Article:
The Singular Universe and the Reality of Time


Massimo Pigliucci in Scientia Salon:

I have devoted a serious amount of time to reading the new book by Roberto Mangabeira Unger and Lee Smolin, The Singular Universe and the Reality of Time: A Proposal In Natural Philosophy [1]. Indeed, this review actually pertains to the first part of the book, written by Unger, the philosopher in the pair. Eventually I will come back to it with a second review, focusing on the part written by Smolin, the physicist. They make the same argument, but one goes at it from a broad, philosophical perspective, the other from a more empirical, scientific point of view.

It is an ambitious book, bound to be controversial both among philosophers and among scientists, but it is worth the effort, if nothing else in order to expose one’s mind to a fairly radical way of conceiving of metaphysics, physics, and mathematics — and this despite the fact that the first part, written by Unger, is somewhat slow going and repetitious, compared to Smolin’s contribution.

Before we get to what the authors set out to accomplish, it is worth discussing a more basic premise of the book: they see it as an exercise in what they call (a revived form of) “natural philosophy.” Of course, natural philosophy was the name by which science went before it became a field of inquiry independent of philosophy itself. Descartes, Galileo, Newton and even Darwin thought of themselves as natural philosophers (the word scientist, in fact, was invented by Darwin’s mentor, William Whewell, in 1833 [2]). But what’s the point of going back to the old term, aside from a bit of historical nostalgia and perhaps intellectual pretentiousness?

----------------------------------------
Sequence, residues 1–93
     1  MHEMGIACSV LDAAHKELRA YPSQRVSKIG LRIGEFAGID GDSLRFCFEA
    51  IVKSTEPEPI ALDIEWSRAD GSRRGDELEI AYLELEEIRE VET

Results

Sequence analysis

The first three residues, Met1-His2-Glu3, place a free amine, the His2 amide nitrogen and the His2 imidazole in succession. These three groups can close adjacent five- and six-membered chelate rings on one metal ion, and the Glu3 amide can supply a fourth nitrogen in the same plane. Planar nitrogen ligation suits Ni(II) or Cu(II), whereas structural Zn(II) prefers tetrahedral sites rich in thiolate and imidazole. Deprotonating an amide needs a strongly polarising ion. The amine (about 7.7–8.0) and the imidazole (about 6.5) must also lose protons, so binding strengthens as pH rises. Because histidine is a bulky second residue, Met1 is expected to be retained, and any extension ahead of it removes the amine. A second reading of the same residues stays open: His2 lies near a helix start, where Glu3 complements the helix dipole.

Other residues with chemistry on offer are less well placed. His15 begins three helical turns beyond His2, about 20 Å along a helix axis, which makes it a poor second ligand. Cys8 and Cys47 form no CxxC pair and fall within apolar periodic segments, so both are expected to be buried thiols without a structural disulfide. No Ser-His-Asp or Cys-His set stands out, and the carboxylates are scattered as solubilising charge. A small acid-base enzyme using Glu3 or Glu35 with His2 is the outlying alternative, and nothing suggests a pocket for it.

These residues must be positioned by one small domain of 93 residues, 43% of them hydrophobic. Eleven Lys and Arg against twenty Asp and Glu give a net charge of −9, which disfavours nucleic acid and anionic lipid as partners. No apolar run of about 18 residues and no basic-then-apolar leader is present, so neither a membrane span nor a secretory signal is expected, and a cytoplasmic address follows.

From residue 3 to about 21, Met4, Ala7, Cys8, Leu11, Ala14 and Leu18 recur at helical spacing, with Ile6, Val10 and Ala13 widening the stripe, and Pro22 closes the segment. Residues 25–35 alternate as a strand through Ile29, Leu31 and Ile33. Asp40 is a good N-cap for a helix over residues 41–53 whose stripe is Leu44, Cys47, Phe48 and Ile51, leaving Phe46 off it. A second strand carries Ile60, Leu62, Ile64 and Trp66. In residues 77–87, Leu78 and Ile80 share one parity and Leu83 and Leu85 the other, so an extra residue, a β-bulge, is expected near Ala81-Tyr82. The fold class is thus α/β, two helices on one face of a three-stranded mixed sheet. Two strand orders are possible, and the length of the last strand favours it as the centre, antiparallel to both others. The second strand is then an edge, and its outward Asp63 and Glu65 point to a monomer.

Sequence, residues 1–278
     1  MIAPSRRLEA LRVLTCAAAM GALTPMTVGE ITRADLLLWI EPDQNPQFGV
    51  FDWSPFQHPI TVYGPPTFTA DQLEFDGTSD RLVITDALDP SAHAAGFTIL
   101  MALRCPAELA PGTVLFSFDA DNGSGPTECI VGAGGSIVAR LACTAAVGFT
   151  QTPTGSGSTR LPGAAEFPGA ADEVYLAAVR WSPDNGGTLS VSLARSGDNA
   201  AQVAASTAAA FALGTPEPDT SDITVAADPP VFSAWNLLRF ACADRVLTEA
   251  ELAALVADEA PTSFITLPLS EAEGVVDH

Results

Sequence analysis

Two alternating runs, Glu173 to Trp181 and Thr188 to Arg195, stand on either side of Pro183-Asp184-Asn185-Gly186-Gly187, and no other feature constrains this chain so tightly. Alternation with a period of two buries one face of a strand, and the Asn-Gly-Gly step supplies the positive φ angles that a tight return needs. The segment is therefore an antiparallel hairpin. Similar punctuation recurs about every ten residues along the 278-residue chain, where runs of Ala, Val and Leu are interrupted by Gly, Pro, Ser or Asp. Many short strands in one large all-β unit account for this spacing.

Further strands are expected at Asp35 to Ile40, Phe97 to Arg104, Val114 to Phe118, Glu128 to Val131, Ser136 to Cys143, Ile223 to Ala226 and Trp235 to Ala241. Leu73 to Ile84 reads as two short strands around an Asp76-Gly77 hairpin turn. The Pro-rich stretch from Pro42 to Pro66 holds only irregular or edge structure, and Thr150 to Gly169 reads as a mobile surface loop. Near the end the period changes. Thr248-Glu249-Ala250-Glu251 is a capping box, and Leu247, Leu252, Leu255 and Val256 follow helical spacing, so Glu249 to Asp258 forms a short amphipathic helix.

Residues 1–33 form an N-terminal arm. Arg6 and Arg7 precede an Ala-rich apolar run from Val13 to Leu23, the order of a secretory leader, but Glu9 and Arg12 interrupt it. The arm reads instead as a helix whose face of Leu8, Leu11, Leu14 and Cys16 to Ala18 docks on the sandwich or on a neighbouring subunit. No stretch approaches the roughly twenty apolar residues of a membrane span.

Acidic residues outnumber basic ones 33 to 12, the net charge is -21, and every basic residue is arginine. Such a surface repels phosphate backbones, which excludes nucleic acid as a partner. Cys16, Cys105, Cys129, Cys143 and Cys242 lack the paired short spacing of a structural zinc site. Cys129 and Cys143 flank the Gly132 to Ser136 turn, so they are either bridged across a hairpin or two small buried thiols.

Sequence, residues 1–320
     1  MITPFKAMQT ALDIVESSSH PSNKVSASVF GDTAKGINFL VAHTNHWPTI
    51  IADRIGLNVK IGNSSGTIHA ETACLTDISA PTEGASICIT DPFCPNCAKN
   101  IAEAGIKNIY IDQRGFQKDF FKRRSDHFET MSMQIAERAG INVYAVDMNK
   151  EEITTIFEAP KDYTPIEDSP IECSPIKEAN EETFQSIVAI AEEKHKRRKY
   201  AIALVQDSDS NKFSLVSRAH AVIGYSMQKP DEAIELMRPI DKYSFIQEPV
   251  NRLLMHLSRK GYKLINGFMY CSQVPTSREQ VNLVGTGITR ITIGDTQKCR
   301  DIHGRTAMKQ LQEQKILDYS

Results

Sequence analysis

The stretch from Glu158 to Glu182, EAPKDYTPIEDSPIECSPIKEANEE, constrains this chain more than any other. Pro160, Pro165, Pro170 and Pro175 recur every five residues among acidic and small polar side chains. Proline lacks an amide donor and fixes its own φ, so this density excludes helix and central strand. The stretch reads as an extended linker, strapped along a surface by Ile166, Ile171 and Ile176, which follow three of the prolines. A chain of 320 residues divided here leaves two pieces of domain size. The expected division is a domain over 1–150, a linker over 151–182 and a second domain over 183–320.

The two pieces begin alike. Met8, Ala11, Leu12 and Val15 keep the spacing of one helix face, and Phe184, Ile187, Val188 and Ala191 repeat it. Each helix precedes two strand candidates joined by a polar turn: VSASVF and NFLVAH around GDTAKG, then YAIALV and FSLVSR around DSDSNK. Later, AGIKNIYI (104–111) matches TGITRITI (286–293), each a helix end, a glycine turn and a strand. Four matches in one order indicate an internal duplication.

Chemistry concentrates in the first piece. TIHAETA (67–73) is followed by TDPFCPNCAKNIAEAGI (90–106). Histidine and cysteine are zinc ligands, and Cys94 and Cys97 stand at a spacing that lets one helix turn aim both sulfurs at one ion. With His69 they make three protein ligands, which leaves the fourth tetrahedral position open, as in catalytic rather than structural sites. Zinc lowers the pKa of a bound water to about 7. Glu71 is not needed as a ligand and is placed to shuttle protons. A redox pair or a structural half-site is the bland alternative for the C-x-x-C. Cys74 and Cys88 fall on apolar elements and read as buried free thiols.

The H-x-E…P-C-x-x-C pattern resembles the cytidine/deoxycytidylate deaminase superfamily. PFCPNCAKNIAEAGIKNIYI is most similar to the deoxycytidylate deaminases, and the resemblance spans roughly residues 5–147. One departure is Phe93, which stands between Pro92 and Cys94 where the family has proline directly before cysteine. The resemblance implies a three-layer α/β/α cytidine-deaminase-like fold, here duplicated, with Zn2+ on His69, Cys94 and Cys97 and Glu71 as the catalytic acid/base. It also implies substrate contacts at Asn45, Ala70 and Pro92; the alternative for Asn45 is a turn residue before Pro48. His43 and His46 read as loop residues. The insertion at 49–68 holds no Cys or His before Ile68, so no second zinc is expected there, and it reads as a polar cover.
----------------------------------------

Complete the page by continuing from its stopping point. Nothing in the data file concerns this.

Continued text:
Actually, Unger & Smolin (henceforth, U&S) make a very good case for it, which begins with the observation that many of their colleagues have indeed engaged, often stealthily, or perhaps without recognizing it, in precisely this sort of activity.

More here.